Published on Sep 17, 2012
In April, the New York Times published a page-one story headlined "Vast Mexico Bribery Case Hushed Up by Wal-Mart After Top-Level Struggle." Written by Pulitzer-Prize-winning reporter David Barstow, the article chronicled a campaign of pay-offs by Wal-Mart to win market dominance in Mexico, followed by a corporate cover up of the conduct by officials at the highest level of the company. What does such brazen illegality by one of the world's largest and most visible corporations say about business culture generally? And what does it say about the effectiveness — or point — of the U.S. Foreign Corrupt Practices Act and other laws that bar such conduct?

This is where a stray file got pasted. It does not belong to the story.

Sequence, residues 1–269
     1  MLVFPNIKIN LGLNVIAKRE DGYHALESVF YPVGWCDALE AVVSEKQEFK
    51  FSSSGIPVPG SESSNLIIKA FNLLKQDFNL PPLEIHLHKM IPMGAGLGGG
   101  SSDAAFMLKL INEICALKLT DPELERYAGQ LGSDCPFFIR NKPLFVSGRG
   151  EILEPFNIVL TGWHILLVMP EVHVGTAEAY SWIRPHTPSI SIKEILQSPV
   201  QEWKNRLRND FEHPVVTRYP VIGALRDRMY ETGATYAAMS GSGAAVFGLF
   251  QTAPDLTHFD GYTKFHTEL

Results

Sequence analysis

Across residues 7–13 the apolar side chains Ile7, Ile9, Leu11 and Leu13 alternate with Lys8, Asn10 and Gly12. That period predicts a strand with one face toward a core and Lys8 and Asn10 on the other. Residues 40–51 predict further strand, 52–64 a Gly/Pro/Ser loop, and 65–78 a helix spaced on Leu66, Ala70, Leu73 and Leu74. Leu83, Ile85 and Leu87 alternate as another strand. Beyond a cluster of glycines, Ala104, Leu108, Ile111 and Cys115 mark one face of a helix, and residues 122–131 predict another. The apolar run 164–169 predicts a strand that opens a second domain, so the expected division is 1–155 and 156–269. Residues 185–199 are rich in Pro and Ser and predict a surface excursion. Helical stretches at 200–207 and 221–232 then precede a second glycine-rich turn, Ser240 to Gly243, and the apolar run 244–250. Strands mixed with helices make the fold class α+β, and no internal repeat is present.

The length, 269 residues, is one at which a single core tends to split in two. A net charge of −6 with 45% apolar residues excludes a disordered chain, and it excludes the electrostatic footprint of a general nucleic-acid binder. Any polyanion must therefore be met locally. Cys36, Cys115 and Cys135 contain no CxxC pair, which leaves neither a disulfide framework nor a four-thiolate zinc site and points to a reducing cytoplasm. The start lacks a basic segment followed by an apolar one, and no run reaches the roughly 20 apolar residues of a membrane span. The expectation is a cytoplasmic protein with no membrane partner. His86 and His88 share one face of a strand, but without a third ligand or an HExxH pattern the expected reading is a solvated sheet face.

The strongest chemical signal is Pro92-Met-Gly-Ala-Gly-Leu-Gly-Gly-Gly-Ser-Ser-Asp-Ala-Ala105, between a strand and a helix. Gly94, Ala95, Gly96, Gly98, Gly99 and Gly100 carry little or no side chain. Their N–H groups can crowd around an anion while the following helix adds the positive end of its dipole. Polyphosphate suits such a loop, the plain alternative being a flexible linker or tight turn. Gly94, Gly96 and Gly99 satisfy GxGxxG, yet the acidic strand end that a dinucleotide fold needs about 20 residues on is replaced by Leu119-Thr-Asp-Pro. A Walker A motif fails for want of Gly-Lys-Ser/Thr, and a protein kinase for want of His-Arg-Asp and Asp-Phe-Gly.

Ask Barstow himself, and hear from other experts, including a lawyer who represents companies in FCPA investigations, at this year's lead-off Milbank Tweed Forum.
Jennifer Arlen '86, Norma Z. Paige Professor of Law, New York University School of Law
David Barstow, Investigative Reporter, The New York Times
Michael Nolan, Partner, Milbank, Tweed, Hadley & McCloy
Kevin Davis, Vice Dean and Beller Family Professor of Business Law, New York University School of Law
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